Thesis Thursday

From Lecture 32 (and Thesis XX), I have quoted more than usual. It kind of falls into two parts; a curiously Baptistic denial of “visible church” in favor of “invisible”, and an argument that although the Lutheran church may be the only church with pure doctrine, it is not the alone-saving church. But instead of dividing the material into two weeks, I press toward the mark… just gotta get to week 39!


Thesis XX

In the sixteenth place, the Word of God is not rightly divided when a person’s salvation is made to depend on his association with the visible orthodox Church and when salvation is denied to every person who errs in any article of faith.

It seems strange, indeed, that after such a long time during which Rationalism and the greatest religious indifference were prevalent, men should have hit upon the doctrine that the visible Lutheran Church is the Church κατ᾽ ἑξοχήν [par excellence] outside of which there is no salvation. However, although this seems to be incomprehensible on first blush, it is easily explained by the prolific nature of error. The mother of the awful error which we are studying is the doctrine that the Church is a visible institute which Christ has established on earth, differing in no way from a religious state.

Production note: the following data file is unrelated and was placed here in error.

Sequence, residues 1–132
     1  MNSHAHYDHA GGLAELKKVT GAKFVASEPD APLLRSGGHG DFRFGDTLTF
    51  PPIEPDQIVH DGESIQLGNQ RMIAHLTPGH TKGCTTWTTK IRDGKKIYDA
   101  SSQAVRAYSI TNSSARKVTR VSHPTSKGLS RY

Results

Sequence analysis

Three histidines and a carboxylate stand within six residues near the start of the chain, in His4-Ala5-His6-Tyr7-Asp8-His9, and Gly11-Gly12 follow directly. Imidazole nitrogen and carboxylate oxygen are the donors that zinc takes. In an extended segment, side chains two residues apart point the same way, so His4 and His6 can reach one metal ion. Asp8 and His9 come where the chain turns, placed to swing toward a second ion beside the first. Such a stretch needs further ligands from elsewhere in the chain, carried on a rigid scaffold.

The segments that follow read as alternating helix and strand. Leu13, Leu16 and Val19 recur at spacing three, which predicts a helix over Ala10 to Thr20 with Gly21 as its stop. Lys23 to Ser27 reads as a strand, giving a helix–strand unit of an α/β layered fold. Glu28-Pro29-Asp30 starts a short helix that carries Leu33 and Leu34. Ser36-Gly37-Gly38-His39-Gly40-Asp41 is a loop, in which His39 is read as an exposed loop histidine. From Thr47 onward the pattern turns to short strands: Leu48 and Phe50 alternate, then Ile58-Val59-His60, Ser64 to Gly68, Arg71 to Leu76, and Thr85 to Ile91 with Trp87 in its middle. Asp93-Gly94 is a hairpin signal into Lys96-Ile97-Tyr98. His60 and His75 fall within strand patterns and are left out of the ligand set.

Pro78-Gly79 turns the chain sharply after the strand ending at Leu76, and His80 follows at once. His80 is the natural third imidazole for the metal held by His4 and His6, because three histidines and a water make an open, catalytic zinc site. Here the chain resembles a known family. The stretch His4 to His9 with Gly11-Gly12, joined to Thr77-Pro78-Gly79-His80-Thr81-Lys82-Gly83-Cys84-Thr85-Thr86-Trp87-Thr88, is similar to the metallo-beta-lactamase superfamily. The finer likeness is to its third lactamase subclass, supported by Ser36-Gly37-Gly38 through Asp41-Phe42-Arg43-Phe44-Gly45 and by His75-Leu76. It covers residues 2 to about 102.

The apostle calls the Church the body of Christ. This has prompted many even of the most faithful Lutherans to say that, since a body is visible, the Church, too, must be visible. But that is an abominable piece of exegesis. The point of comparison (tertium comparationis) in the aforementioned phrase is not the visibility of the Church, but that, instead of being composed of many dead instruments, it is a vital organism of members in whom one faith and one energy of faith is pulsating. This proves beyond contradiction that the Church is not visible, but invisible. Only he is a member of the Church who experiences the constant outflowing of energy from Christ, the Head of the Church.